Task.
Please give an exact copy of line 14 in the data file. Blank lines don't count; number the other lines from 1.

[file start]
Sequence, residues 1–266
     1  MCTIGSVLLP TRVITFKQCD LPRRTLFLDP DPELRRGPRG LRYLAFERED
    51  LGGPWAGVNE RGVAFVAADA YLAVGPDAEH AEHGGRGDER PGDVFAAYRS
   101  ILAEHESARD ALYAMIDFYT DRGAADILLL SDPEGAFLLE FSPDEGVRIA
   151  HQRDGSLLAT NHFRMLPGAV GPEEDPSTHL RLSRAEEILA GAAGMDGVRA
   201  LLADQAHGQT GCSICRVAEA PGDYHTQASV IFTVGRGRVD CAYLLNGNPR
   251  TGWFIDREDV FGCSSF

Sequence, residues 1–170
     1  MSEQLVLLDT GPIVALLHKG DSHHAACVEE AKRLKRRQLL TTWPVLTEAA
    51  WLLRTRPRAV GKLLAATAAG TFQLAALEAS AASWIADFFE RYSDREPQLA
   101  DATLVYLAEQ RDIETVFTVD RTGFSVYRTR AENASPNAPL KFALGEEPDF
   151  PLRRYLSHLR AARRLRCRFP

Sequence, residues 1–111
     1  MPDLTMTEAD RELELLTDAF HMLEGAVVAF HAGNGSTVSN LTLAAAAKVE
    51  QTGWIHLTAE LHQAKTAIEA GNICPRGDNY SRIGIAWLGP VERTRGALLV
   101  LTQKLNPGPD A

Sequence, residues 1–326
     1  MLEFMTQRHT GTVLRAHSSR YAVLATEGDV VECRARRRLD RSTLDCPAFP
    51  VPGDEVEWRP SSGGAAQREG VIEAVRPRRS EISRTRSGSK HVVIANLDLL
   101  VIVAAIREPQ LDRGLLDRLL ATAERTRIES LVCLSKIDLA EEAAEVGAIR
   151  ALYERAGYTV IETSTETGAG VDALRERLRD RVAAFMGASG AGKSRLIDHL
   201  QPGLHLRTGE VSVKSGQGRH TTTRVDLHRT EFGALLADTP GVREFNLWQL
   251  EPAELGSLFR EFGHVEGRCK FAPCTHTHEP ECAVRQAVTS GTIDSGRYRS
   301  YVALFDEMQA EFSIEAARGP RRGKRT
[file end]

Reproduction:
     1  MPDLTMTEAD RELELLTDAF HMLEGAVVAF HAGNGSTVSN LTLAAAAKVE